Brazilian theatre director, writer, politician, and founder of “Theatre of the Oppressed,” Augusto Boal once wrote: “Theatre can be done anywhere, even in the theatre.”

It can even be done in the mid-sized space located in the basement of the Seattle Center Armory known as the Center Theatre, where the good folks of Sound Theatre Company are now inviting audiences to come join in the festivities of their spectacular new production, “The Wild Party,”  written by Andrew Lippa and directed by Corey D. McDaniel.

And a wild party it is, indeed!!! So much so that it almost seems to be on the brink of breaking through the confines of the theatre and spilling out into the streets as it transports audiences back to the Golden Age of Jazz and into the 1928 New York City apartment of the party’s hosts, “Queenie” and “Burrs,” played respectively by Tori Spero and Troy Wageman.

The party favors include bottles and bottles of bootleg wine and whisky, stylishly clad flapper girls and chic dandies swigging booze, snorting cocaine, engaging in orgies, and basically just living the swinging life that is echoed in the free-spirited and libertine music that serves as the soundtrack to their lives.

With choreography by Jessica Low and musical direction by Carl Petrillo, the party pulsates with dance numbers and euphonic rhythms in which the story of a love quadrangle between Queenie, Burrs, Kate (played by Allison Stanley), and Mr. Black (played by Jesse Smith) is told in a quasi-Brechtian and operatic style.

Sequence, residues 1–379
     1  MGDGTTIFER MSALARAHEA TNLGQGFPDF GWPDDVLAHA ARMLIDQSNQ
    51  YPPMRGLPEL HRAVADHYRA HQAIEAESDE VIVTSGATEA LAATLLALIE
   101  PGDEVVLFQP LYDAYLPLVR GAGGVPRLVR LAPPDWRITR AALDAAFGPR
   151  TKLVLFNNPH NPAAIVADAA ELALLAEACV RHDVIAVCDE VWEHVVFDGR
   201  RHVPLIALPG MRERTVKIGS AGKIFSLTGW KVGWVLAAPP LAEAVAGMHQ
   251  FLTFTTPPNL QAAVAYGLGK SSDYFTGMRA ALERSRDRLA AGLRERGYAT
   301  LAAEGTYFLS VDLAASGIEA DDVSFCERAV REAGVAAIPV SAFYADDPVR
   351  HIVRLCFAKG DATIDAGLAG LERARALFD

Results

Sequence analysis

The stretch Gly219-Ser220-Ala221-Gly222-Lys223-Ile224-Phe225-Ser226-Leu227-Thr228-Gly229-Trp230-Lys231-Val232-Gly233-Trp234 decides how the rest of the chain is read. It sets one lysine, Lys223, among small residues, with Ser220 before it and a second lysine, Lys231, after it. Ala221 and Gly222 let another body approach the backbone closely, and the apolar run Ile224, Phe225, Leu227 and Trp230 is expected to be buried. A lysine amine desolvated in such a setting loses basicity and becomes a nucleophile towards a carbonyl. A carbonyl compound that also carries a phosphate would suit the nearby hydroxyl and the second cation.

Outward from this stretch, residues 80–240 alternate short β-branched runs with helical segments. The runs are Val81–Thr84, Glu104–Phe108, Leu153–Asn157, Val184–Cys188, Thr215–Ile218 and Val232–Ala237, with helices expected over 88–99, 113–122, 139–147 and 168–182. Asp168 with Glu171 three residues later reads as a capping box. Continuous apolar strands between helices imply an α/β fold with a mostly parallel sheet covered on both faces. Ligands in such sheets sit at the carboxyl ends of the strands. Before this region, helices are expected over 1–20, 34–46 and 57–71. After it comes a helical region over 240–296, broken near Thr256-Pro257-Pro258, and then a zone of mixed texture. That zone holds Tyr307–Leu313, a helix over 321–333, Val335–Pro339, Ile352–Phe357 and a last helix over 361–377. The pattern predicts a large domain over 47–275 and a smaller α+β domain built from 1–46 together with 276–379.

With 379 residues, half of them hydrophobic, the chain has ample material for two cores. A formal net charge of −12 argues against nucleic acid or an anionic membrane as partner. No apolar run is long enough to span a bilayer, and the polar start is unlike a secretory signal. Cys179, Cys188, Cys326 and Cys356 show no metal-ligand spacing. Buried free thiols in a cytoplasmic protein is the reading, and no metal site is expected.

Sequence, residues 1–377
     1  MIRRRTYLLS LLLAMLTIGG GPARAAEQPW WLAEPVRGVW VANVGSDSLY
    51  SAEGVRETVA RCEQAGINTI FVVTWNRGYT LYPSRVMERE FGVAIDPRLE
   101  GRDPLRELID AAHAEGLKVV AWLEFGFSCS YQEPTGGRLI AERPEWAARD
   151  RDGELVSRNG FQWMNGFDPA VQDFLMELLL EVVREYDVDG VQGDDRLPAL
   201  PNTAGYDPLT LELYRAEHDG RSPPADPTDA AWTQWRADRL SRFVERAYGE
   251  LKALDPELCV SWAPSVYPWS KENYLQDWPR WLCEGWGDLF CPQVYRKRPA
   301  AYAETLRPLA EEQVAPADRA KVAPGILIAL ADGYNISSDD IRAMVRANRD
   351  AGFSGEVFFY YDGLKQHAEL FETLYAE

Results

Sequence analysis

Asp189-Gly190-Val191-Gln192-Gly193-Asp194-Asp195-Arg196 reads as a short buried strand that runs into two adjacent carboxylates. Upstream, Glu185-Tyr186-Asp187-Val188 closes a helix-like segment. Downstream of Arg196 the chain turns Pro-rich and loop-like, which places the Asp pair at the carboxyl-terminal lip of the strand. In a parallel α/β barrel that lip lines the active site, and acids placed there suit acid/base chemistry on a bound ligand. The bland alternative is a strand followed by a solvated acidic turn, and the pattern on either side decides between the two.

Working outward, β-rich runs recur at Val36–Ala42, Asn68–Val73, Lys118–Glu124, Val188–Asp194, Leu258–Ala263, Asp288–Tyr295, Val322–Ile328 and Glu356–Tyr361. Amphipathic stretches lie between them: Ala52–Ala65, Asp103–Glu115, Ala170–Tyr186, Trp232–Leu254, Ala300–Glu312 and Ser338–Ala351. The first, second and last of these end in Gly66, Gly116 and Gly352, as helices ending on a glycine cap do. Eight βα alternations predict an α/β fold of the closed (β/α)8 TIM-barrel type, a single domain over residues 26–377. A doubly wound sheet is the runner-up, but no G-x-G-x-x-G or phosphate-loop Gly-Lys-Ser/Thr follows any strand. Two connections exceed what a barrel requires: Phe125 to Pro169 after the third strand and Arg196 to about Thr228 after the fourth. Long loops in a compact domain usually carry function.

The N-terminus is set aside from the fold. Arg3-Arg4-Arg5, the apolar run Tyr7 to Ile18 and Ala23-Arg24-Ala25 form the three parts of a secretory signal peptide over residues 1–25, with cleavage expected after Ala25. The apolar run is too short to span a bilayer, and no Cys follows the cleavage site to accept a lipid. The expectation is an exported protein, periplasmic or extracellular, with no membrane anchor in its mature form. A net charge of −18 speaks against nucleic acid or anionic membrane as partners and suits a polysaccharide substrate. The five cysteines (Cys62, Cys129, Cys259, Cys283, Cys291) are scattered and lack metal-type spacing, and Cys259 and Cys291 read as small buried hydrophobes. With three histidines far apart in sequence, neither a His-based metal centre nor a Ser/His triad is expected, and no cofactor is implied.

Wageman, in his role as Burrs, is nothing short of brilliant! His strong and powerful physical presence is complimented equally by his strong and powerful voice. He gives an impassioned yet nuanced  performance as the thuggish, abusive vaudevillian clown in love with Queenie.

Spero, as well, does a fantastic job in her role.  She is voluptuous, sensuous, and completely riveting as the sex goddess who tears through men like pieces of paper and rips them to shreds; though she has finally met her match with Burrs.

Stanley and Smith also give commanding performances as Kate and Mr. Black. The mismatched couple quickly realize that it’s a no-go between them and they set their eyes on other prizes, with Kate unsuccessfully pursuing Burrs, and the mysterious Mr. Black stealing Queenie’s heart by surprise. Both have strong voices and excellent delivery.

The rest of the invitees serve primarily as the party’s entertainment; they are a cabaret of characters that include incestuous gay brothers, lesbians on the prowl, happily in-love couples, and many, many others.  Though there are too many of them to mention by name, they should all be very proud of the great work they did.

And finally, I must give recognition to the band, who do a wonderful job of bringing this musical to life.  They include Carl Petrillo on keyboards, Olivia Hamilton on bass, Kyle Doran on drums, and Jeff Evans (also on bass for the August 10th performance).

In short, Sound Theatre Company has another hit on their hands with “The Wild Party,” and I am so happy to see this theatre company become a force with which to be reckoned in the Seattle theatre scene.  Congratulations cast and crew!

“The Wild Party” is now showing August 8-25 at Center Theatre in the Seattle Center Armory, 305 Harrison Street.  For more info, visit:

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